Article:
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  Hell Fire Three

Hell Fire – Three


Previously, it was adequately demonstrated that Rev 20:10 had to be symbolic. For the sake of emphasizing this, here it is again: (Rotherham)
Revelation 20:10 and, the Adversary that had been deceiving them, was cast into the lake of fire and brimstone, where were both the wild-beast and the false-prophet; and they shall be tormented, day and night, unto the ages of ages.
The same symbolism is seen in verses 13-15. Here it is obvious that Hades, Death, and Sheol, because Hades = Sheol, can not be tormented. This gives enough cause to consider this torment totally symbolic.
13And the sea gave up the dead that were in it, and, death and hades, gave up the dead that were in them; and they were judged, each one, according to their works. 14And, death and hades, were cast into the lake of fire. This, is, the second death—the lake of fire. 15And, if anyone was not found, in the book of life, written, he was cast into the lake of fire.
Revelation is not God's only inspired work! The OT contains numerous passages that show what shall happen to the wicked. Here are a few:

Psalm 37:38 But, transgressors, are to be destroyed together, the hereafter of lawless men, is to be cut off.

Psalm 92:7 When the lawless do thrive like grass, And all the workers of iniquity have blossomed, It is that they may be destroyed for ever.

Psalm 145:20 Yahweh preserveth all who love him, but, all the lawless, will he destroy.

Proverbs 15:11 Hades and destruction, are before Yahweh, how much more then, the hearts of the sons of men.

Isaiah 26:14 The dead, come not to life again, The shades, do not arise,—Therefore, thou hast visited and destroyed them, And caused to perish every memorial of them.

Isaiah 34:2 That Yahweh hath wrath against all the nations, and indignation against all their host,—He hath devoted them to destruction He hath delivered them to slaughter;

Lamentations 3:66 Thou wilt pursue in anger, and wilt destroy them, from under the heavens of Yahweh.

The language in these inspired words are not symbolic, they are to be taken by their word. Thus a picture emerges.

On page one of this discussion, Jesus referred to Gehenna, a valley of Hinnom where refuse, the dead bodies of criminals, and the carcasses of animals were kept burning perpetually so as to avoid pestilence. The purpose with garbage is to get rid of it, in this case by burning. The burning indicates the complete destruction of this chaff, refuse.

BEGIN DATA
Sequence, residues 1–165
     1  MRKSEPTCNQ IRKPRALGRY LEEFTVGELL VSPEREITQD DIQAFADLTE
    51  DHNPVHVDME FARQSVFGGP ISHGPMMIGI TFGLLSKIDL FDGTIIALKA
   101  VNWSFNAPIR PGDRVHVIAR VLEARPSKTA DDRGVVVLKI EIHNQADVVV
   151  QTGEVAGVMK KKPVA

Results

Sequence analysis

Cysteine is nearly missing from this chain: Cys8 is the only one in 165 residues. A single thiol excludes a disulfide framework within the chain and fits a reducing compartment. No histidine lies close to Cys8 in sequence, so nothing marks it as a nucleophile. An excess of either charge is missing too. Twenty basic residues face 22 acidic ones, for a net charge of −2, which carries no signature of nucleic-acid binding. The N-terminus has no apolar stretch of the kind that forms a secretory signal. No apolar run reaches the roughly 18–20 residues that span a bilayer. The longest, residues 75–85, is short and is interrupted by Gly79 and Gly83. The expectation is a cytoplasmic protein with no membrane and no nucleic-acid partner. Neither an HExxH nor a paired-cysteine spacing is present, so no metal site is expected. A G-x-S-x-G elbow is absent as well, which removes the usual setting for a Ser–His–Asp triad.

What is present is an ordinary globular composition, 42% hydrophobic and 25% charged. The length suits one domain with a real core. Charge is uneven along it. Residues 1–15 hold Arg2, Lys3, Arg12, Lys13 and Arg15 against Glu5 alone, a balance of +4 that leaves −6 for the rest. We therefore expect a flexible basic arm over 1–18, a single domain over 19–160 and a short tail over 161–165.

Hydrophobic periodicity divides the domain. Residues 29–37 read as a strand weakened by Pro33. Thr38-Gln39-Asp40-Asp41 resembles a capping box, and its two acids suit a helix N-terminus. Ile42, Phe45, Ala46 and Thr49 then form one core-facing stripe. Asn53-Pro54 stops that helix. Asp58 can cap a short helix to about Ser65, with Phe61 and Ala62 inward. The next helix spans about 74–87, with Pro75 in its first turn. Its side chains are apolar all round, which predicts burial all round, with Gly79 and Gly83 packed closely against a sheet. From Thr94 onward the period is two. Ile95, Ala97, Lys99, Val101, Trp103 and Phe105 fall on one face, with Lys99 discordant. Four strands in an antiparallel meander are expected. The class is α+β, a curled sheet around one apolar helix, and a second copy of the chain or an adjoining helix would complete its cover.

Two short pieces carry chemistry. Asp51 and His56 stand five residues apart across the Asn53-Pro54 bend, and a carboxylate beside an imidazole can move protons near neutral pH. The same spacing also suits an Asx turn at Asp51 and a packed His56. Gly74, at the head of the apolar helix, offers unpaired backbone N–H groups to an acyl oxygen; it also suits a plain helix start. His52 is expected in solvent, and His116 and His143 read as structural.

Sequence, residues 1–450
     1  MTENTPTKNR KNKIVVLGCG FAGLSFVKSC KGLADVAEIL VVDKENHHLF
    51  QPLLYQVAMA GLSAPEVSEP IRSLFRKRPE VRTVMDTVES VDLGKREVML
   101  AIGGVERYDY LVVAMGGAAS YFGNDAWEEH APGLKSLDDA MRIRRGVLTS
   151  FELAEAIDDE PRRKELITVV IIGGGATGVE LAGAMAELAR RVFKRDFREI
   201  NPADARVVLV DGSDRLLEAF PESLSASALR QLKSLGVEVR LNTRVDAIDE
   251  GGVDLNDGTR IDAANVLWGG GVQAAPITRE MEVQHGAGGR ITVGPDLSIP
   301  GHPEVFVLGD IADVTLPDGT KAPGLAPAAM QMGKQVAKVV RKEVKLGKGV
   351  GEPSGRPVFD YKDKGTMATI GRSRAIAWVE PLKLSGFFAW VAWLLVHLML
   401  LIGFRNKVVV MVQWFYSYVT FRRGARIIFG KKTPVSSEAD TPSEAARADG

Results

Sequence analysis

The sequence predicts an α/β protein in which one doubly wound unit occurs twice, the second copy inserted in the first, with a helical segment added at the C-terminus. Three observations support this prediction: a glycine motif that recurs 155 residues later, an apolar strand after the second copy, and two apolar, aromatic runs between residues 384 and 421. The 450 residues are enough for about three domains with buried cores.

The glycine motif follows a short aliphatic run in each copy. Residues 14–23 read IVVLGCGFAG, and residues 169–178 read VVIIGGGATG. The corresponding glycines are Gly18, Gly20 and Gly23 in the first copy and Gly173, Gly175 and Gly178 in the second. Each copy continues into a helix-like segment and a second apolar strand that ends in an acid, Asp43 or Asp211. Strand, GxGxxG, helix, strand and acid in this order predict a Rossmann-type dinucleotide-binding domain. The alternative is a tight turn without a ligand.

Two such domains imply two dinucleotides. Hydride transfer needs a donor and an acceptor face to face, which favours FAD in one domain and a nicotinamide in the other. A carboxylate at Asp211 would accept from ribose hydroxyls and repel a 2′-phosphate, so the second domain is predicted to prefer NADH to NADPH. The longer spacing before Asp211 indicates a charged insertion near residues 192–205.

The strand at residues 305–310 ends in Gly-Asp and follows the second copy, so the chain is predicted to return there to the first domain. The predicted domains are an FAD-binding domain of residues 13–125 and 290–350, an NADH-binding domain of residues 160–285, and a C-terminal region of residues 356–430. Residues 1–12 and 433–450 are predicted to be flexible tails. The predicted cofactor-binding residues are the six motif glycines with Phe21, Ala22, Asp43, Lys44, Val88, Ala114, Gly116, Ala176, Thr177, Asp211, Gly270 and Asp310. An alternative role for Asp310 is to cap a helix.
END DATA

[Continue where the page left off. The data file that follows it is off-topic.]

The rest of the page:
Fire when hot enough destroys all organic material so as to be totally reduced into its basic atomic components. Thus the Second death, Gehenna, and the Lake of Fire is supposed to refer to a total destruction of the individuals that are thrown into these, God's solution to chaff, refuse, and garbage.

When we now meditate upon God's love, etc, as mentioned earlier, this clearly is harmonious with such love and mercy. What loving father would unendingly punish his children for singular acts of evil? Not our loving God.  This also harmonizes with Romans 6:23, "For, and Romans 6:7, "For,the wages of sin, is death" he that hath died, hath become righteously acquitted from his sin."

Where does it say anywhere in the Bible that the wages of sin is everlasting torment? Nowhere!  That's where.  So when Jesus says this:
Matthew 3:12 Whose fan is in his hand, and he will clear out his threshing-floor,—and will gather his wheat into the granary, but, the chaff, will he burn up with fire unquenchable.
It refers to total annihilation, not to torment. 

2 Thessalonians 1: 9 Who shall be punished with everlasting destruction from the presence of the Lord, and from the glory of his power; (KJV) 

Hebrews 10:38-39 But the righteous man will live from faith, and if he should withdraw, my soul is not pleased with him. 39But we are not of retreat for destruction, but of faith for the preservation of the soul (ACV) 

2 Peter 3:7 But the present heavens and the earth by his word are laid up in store, kept for fire unto a day of judgment and destruction of ungodly men. (Darby)

When we then add the previous information on the pages of Sheol and Judgment and The Condition of the Dead[ One, Two], and Man's Spiritit should be obvious that the fire and other symbolic speech symbolize the permanence of the destruction of the ungodly, not their pain and suffering as dead ones.

(Please feel free to contact me about this, or any other subject.)

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